On my first day as an NBC Page, as I put on that gray suit and peacock pin, I knew that I would never again take "no" for a final answer.
Towards the end of my senior year of college, I was rejected from the NBC Page Program. It was my first official job rejection, and I’ll never forget how much it stung.
But instead of being the end to a very short story, that letter became the beginning to the most important lesson of my career.
I wanted nothing more than to join the NBC Page Program — a prestigious training program in the television industry — upon graduation. I knew it was an immensely competitive program with a 2% acceptance rate. But I submitted my application confident that desire alone would get me in. Two months later, after a promising first-round screening questionnaire, I received a form rejection letter. My dreams were dashed before they’d even gotten started.
A self-doubter by nature with no professional experience to speak of, I was tempted to walk away and quietly move on to another, more realistic dream. Perhaps a nice desk job, like my parents had hoped. But happily, I was too stubborn to do so.
Instead I leaned in, refusing to take no for an answer. I asked the Page Program when I could reapply and was informed, “in exactly one year.” Determined to get in before that, I networked aggressively, utilized my college alumnae office to the max, set up informational interviews, found email contacts, and took on more internships.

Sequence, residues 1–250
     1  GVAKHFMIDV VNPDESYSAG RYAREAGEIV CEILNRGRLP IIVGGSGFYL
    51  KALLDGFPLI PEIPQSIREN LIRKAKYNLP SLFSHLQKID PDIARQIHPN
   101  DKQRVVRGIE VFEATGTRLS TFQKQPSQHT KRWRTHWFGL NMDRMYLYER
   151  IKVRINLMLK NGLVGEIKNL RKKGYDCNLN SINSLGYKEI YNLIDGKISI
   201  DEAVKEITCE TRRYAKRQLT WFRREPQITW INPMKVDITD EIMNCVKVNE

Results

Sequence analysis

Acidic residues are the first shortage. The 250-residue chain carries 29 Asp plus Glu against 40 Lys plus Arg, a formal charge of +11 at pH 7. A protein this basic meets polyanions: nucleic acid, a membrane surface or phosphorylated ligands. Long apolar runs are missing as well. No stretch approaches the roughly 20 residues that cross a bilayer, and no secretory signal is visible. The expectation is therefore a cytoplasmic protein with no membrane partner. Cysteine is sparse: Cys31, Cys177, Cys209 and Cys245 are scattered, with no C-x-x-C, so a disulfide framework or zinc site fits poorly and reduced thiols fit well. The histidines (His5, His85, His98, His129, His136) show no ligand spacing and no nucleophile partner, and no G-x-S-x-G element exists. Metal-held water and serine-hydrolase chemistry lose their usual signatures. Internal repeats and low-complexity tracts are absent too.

Four months into the “one year,” I reapplied, but this time asked my newfound NBC contacts to personally recommend me. It worked.
The first round was a phone interview, which led to an in-person meeting with the Page Program coordinator. To prepare, I went to the library and took out every available book on NBC, reading them cover-to-cover. Before the interview, I could name the entire 1960s television lineup and knew the network’s storied history.
The interview went off without a hitch. Afterwards, I waited to hear back.
And waited. And waited. No letters came, rejection or otherwise, though I continued to follow up every few weeks.
Finally, months after the interview, I received an email from NBC asking me to re-send my resume. There had been a lot of turnover in the leadership and my resume had been misplaced. The reason I was still in the game was because I had followed up. Another month passed before I received a note informing me that I’d been moved along to the final round of the process: the panel interview.
When I took a seat at the long table in the 30 Rock conference room for the final panel, I could barely believe that my months of effort had gotten me this far. A fellow candidate turned to me and mentioned he had just applied a few days ago and couldn’t believe how quickly the process went. I smiled.
This time, the acceptance call came just 30 minutes after the interview. My perseverance was finally rewarded.
On my first day as an NBC Page, as I put on that gray suit and peacock pin, I knew that I would never again take “no” for a final answer.
Shari Raymond is the Founder and Managing Editor of themediachronicles.com.